He cannot die, because he refused to die, Even in death, he's probably more alive than many of us who are still living. He definitely lived life better than any of us have, or ever will. Full of zest, full of enthusiasm, no regrets. He also went the way he would have wanted to:

I would, when the bell tolled for me, just want to vanish away, like a whiff of air into the breeze that blows, becoming a leaf on a branch that sways, a flicker of the flame of the fire that burns, a drop of water in the stream that flows, a joyful raindrop that bursts out of a cloud, or a particle of shining sand swept into the folds of a playful tide. I would never, never want to be seen dying... or dead.

I hope his wishes are followed because I cannot imagine him leaving this world any other way.

*From his autobiography Romancing With Life. 


  1. What a wonderful tribute to Dev Saab! And it has the songs which seem to epitomize his spirit! What more could one ask for? As you have rightly said, he lived his life full of zest and enthusiasm, and left almost as if he vanished - no prolonged bouts of sickness, never bedridden - what a wonderful way to go!

  2. Thank you, Lalitha. It's almost as if he scripted his death - a cardiac arrest in a hotel (not even in a hospital) in London. Quick, no mess, no fuss. Far away from the media circus, far away from the glare of the spotlight. He died so, so we can remember him for the man he was.

  3. Somehow, I still cannot get used to the fact that he is dead - I was convinced that he'd go on forever! And while I never watched anything of his post-60s (except for a handful of his 70s films DD showed, back in the 80s), it makes me feel sad to think that he won't be making any more movies...

  4. Same here, bollyviewer. Somehow this hit me quite hard. I suppose having met the man makes him seem all the more 'real'. He was so alive, so full of the joy of living his death seems like an anachronism. This has been a particularly bad year, no?

  5. For some reason, Dev Anand's passing shocked me more than Shammi Kapoor's did. Paradoxical perhaps, since Dev Anand was much older. However, I always thought of him as being immortal. I KNEW you would have a post up, and you didn't disappoint. What a wonderful list - and it so epitomises that never-say-die spirit of the man.

    And you met him? I'm so envious...

  6. This came as a shock. Imagine getting up in the morning, and seeing this as the headline in your feeds. I just can't wrap my head around it. I kept thinking that it was all a horrible joke! Thank you for such a moving tribute, Anu. These were definitely songs that captured the elfin spirit of the man.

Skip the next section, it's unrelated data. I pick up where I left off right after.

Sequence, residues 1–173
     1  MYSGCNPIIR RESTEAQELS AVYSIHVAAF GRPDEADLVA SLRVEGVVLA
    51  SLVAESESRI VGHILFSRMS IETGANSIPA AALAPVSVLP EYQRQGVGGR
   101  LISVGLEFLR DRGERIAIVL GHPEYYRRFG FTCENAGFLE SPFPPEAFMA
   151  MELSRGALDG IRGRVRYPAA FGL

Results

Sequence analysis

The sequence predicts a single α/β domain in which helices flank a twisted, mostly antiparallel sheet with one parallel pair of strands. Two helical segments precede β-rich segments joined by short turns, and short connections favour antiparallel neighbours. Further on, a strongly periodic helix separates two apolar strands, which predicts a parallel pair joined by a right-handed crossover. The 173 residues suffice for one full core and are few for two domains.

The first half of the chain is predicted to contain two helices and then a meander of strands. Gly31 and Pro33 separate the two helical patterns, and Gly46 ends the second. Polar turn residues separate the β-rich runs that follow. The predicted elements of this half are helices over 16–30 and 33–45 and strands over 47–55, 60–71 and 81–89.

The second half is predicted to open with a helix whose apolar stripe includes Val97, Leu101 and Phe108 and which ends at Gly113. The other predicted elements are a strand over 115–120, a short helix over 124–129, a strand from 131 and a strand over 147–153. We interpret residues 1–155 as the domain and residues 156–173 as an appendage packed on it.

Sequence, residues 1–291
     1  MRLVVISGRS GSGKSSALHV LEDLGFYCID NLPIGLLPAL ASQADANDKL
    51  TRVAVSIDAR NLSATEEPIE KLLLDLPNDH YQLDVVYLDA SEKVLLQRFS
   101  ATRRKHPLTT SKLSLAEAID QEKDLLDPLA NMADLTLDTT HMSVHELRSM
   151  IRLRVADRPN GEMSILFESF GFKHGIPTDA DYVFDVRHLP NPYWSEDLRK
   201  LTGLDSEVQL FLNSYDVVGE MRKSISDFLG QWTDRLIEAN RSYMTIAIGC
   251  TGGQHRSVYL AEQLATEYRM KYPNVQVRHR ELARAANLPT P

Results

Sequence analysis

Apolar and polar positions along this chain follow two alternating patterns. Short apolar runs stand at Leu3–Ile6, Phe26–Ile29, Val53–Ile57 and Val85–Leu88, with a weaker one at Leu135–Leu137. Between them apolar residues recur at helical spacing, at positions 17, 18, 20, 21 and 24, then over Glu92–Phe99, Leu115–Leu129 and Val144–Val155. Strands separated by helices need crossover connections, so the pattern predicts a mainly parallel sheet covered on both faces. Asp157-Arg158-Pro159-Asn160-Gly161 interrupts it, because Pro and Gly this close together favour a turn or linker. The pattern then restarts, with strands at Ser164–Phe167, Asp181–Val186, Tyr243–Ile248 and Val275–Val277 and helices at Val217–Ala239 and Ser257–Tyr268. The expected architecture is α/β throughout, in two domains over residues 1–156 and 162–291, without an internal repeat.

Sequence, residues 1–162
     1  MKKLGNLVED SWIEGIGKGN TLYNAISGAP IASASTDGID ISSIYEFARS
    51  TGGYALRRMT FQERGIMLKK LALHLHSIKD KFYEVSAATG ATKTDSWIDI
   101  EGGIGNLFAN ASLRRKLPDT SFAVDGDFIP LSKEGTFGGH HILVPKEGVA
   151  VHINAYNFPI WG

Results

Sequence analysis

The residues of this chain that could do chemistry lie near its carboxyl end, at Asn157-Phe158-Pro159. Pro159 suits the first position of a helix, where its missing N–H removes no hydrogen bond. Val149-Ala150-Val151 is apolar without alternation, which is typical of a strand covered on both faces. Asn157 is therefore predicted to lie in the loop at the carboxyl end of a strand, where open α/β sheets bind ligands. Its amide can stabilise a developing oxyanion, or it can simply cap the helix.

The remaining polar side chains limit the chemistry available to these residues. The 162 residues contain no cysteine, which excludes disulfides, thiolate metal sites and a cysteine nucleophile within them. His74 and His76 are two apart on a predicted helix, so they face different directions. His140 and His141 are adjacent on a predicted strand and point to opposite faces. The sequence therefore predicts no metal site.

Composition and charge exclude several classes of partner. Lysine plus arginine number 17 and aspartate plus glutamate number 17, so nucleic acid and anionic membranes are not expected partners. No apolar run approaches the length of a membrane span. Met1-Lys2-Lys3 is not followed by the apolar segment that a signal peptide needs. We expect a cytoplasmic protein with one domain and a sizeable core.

I'm still shaking my head in disbelief...

  7. Lovely tribute, Anu. I adored that sweet anecdote you related, and I really liked the way you picked out lines from the songs you chose, to specifically highlight something that was real about Dev Anand, not just the characters he portrayed onscreen.

  8. Thanks Ruhi. I'm in the same boat of being shocked and disbelieving and hoping against hope that it's all a huge mistake! However, rational mind intrudes to tell me that it was his time, and he went as he lived.

  9. Sridhar, you and me and many, many others. Thanks for the compliment. It came from my heart.

  10. Thanks, Madhu. Your compliment means much. I'm eagerly waiting for your tribute, for I know you will put one up soon.

  11. Anu, a lovely tribute. I am glad you did get a chance to meet your 'hero'. And everyone who has met him, has only nice stories to tell about him, his charm, his warmth. I do hope he's planning his next movie somewhere up there.

  12. Thanks, Banno. He was an incredible person to talk to - erudite, articulate, charming. The sort of person, who, when you first meet, you seem to have known for ages. And I met him when he was in his early 70s. And I could understand why women would have thrown themselves at him when he was younger.

    I'm sure he's up to something up there - I can't somehow imagine Dev Anand staying still - even when he is dead.

  13. A wonderful idea to do a post on his songs on philosophy of life.
    A well-deserved and well-written tribute

    A motto for our lives:

    Love this one too:
    particularly love the line: naiyaa purani hai, toofaan bhi puraane hain so to say the problems which we think are new are old and their solutions as well.

  14. Thank you, harvey. I loved both the songs you listed. I know Devsaab had a hand in selecting the music for his films; I wonder if he also had a hand in wanting a certain theme to the lyrics? So many of his songs have lines that express a similar theme.

  15. He was involved in all aspects of film making, so I can imagine he wanted certain situations in his films, which required certain songs with particular lyrics. But I don't think he asked the lyricist to modify the lyrics.

  16. I am glad you got to meet him, I never got the chance. A great tribute you have here, and I liked the last excerpt from his book "Romancing with Life". I did read it, and he does prove himself to be a better author than a director, at least when he his describing his pre 80's days.
    Loved all the songs selected.

  17. I don't think he 'modified' lyrics as much as influenced them. But I do think that he had a good grip on what he wanted, and how he wanted it.

  18. Thanks, Samir. I agree about him being a good author too. There is the basic honesty that shines through what he wrote, and he didn't spare his little vanities either. Or why he did some of the things he did. That is probably why his ideas for his movies were so good, and his execution so flawed. He definitely did not have the directorial talents of his elder and younger brother.